Hodder & Stoughton | 2023 (16 February) | 320p | Review copy | Buy the book
It is 193 AD and the grand plan of Marcus, Scaurus, Dubnus and their comrades to escape the clutches of the Roman war machine once and for all founders when their ship home is met by soldiers who have one job, and that is to recruit any man who can stand up into the ranks of the Roman army. There is a new emperor on the throne, Septimius Severus, and his mission is to destroy the ‘imposter’ emperor of the East, Niger – once he’s seen off another imposter in Rome, of course. The heroic reputations of Scaurus and his men proceed them and it’s not long before Severus dispatches them eastwards on a suicide mission – to take on Niger with only one legion, delaying him while Severus prepares an almighty army to crush him underfoot. The mission is accepted. It will be at a great cost.
I have thoroughly enjoyed this series since its beginning, thirteen books ago, and I am so pleased to see it continue into what the author describes as its ‘second cycle’. This means that there is much more to come and that makes me very happy indeed! It’s difficult to review a book this deep into a long-running series without giving anything away from before. Suffice to say that Storm of War does mark a kind of new beginning for our favourite Roman centurions and tribunes. This means that if you haven’t read any of the other books then you could start here. There are also some handy little catch-ups in the story, which recaps Marcus’s struggles from the past – not to mention his less than ideal relationships with past emperors!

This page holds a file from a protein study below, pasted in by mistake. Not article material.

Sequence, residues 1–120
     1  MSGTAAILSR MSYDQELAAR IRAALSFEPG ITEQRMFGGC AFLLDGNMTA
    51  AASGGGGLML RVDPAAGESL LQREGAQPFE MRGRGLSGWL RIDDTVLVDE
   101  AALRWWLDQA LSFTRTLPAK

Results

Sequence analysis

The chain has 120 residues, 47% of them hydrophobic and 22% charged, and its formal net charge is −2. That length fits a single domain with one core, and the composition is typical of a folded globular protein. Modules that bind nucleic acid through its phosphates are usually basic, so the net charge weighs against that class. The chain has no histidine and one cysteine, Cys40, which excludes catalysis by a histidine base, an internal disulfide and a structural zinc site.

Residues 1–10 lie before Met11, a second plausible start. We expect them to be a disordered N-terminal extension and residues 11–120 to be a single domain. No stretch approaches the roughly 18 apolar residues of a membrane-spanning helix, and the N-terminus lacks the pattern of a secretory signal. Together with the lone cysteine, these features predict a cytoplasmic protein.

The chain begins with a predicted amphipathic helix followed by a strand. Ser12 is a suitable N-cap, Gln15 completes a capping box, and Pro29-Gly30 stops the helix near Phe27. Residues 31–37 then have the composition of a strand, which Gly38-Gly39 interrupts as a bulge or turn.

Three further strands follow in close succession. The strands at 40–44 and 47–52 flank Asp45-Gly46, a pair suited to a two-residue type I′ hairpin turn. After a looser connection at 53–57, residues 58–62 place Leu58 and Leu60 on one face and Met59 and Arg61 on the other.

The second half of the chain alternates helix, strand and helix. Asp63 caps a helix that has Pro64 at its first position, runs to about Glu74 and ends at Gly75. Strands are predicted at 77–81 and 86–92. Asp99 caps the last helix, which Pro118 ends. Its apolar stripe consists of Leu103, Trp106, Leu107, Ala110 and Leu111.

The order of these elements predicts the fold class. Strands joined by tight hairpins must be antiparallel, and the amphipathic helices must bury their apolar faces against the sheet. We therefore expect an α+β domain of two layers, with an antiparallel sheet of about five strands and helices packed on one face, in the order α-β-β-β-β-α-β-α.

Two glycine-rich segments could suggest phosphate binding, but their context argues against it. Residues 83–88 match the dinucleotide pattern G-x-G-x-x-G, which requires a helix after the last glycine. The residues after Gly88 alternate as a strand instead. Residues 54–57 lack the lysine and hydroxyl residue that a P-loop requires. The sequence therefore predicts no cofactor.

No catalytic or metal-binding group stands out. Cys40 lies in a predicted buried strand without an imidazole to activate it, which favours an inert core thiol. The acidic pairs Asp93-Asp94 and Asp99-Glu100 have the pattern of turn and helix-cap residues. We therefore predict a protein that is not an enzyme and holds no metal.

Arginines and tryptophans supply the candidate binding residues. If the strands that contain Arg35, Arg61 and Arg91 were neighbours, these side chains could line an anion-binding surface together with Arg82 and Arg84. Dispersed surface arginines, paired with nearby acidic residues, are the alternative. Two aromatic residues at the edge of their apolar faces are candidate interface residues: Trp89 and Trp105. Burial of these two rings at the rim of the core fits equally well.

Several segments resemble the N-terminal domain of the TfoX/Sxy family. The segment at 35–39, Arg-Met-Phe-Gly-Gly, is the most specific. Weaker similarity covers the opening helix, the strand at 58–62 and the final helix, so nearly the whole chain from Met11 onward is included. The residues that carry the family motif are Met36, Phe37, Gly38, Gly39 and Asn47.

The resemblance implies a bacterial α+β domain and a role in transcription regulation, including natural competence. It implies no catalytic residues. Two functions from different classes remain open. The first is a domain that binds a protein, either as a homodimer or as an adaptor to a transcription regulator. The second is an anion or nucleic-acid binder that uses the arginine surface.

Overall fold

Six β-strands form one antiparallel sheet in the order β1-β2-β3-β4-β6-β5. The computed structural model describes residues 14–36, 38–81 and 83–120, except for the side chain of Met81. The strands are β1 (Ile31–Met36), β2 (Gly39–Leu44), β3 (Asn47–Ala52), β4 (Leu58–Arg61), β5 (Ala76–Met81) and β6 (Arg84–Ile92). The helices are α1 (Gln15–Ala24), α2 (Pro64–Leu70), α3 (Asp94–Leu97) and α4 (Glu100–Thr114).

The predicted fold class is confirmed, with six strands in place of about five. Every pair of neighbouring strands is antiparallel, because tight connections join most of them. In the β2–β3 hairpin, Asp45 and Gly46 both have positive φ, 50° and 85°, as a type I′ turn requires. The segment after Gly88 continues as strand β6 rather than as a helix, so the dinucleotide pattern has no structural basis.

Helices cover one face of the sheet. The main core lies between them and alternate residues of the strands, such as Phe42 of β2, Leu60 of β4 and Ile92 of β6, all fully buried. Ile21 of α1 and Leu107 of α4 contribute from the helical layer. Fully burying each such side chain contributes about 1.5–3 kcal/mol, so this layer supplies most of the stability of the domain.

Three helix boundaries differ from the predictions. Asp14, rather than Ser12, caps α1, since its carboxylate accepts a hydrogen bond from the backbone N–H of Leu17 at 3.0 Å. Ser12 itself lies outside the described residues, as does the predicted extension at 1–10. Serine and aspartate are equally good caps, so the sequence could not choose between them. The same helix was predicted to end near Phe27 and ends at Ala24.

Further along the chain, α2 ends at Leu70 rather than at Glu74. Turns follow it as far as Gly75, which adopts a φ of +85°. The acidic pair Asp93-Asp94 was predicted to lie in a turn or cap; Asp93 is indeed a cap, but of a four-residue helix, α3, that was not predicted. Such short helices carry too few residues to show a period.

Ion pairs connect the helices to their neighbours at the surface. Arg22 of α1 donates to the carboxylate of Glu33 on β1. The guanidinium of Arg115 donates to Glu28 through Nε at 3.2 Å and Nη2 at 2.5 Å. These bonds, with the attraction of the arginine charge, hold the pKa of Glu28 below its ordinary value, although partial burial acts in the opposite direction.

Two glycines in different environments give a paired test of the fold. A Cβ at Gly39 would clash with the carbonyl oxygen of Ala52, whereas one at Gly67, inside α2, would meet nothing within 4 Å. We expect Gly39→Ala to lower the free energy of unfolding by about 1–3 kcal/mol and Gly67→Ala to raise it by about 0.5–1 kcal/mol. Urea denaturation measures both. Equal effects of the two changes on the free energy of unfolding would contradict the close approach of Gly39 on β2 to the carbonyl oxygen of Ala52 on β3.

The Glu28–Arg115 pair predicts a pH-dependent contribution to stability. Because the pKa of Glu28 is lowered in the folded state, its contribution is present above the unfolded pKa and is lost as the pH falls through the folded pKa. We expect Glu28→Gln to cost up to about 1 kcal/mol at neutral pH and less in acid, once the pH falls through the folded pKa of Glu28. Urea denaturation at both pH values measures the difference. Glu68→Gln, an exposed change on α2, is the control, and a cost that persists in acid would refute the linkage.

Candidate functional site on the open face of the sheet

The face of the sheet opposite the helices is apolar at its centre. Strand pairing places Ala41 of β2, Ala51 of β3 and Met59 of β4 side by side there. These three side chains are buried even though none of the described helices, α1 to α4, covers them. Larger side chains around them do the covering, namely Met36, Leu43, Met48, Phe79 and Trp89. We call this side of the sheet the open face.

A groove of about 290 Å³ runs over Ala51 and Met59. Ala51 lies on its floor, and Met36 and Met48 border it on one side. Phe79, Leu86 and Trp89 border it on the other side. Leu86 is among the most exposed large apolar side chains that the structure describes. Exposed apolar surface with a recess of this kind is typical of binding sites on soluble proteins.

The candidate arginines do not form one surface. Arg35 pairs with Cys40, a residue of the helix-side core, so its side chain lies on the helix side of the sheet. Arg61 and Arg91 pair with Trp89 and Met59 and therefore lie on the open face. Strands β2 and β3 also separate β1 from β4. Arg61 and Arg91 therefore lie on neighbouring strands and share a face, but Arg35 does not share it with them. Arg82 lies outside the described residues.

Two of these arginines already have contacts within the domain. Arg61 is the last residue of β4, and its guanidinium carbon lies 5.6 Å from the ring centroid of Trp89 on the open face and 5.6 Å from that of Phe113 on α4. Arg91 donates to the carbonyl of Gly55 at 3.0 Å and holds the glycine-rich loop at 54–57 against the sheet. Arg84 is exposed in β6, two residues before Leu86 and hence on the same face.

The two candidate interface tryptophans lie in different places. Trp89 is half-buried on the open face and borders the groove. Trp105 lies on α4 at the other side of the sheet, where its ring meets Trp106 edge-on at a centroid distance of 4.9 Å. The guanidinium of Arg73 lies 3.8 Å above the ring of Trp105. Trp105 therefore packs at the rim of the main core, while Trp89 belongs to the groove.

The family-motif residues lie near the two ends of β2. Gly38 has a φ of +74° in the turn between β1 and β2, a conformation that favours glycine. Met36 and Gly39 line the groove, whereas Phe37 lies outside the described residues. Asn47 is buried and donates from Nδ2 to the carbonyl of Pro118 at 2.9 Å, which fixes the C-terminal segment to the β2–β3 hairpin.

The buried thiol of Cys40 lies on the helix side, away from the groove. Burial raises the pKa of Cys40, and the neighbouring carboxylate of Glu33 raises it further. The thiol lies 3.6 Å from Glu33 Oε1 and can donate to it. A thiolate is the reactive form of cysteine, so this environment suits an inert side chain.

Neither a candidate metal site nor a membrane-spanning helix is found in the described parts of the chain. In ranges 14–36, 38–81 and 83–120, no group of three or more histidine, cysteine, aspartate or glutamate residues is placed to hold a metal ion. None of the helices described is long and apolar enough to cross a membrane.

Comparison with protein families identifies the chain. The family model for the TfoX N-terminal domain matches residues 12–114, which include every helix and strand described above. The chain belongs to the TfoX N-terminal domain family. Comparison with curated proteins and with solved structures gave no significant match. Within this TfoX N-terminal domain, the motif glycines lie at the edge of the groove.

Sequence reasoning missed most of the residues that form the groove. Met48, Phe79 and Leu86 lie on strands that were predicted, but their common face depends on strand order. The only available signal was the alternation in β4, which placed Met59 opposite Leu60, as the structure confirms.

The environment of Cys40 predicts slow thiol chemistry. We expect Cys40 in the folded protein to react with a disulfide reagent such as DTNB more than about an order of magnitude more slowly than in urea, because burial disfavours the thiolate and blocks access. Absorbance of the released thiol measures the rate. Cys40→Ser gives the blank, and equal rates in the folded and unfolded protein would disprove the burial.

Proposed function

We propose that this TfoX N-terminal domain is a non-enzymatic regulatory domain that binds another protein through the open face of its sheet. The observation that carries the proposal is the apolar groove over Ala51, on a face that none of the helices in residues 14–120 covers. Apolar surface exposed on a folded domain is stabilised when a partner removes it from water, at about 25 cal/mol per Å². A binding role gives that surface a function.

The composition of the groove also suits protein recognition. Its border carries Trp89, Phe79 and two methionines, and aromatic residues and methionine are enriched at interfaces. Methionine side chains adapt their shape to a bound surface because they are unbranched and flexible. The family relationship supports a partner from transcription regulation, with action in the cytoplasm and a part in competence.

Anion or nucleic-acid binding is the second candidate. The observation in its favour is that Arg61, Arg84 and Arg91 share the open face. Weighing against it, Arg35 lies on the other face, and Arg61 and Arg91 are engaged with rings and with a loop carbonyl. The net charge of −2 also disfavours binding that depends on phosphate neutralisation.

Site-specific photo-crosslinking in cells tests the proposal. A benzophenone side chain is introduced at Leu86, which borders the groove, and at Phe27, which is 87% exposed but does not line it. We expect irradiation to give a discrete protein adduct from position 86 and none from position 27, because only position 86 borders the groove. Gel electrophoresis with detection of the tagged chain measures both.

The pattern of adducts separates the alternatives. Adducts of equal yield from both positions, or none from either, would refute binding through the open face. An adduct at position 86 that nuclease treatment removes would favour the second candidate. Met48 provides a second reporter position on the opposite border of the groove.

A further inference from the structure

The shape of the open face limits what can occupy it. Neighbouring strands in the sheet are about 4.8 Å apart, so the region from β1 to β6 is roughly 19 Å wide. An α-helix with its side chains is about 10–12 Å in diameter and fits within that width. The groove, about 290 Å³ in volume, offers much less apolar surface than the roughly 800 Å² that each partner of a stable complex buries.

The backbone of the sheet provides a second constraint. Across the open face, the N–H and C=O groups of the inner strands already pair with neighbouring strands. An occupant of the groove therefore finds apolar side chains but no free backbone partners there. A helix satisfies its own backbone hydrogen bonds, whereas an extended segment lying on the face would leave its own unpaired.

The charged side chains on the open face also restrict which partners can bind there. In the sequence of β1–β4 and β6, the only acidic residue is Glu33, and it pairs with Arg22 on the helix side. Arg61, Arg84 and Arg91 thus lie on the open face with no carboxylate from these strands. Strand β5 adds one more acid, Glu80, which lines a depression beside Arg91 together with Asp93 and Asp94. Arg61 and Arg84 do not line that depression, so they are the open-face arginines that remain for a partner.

Storm of War introduces some new characters to the series, including the tour de force that is Septimius Severus. What a man he is! Anthony Riches does a great job bringing this powerful, charismatic and utterly terrifying man to life and his scenes with Scaurus and Marcus are among my favourite moments of the novel. I think only Scaurus and Marcus could stand up to him. There is a sense that they have nothing to lose but honour and that they can never lose.
There is action throughout, including a battle, which feels different from most others in Roman military fiction. I think this is partly because this is civil war and the soldiers fight men they have previously served beside. It’s a dirty battle, harrowing and…. well, you must read it. But there’s more to the novel than battles, there are journeys, spies, great bits on boats, and it’s told with expertise and humour.
The author likes to take us to the limit of what we can endure with these deeply loved characters and I will admit I was as traumatised as I was gripped! This is a great story about a time of Roman history I know relatively little and the author certainly knows his stuff when it comes to Roman military action and keeping his readership on the edge of its seat.
And what a cover!
Other reviews and features
Empire I: Wounds of Honour
Empire II: Arrows of Fury
Empire III: Fortress of Spears
Empire IV: The Leopard Sword
Empire V: The Wolf’s Gold
Empire VI: The Eagle’s Vengeance
Empire VII: The Emperor’s Knives
Empire VIII: Thunder of the Gods
Empire X: The Scorpion’s Strike
Empire IX: Altar of Blood
Empire X: The Scorpion’s Strike
Empire XI: River of Gold
Empire XII: Vengeance
Betrayal: The Centurions I
Onslaught: The Centurions II
Retribution – The Centurions III
An interview for The Eagle’s Vengeance
An interview for The Emperor’s Knives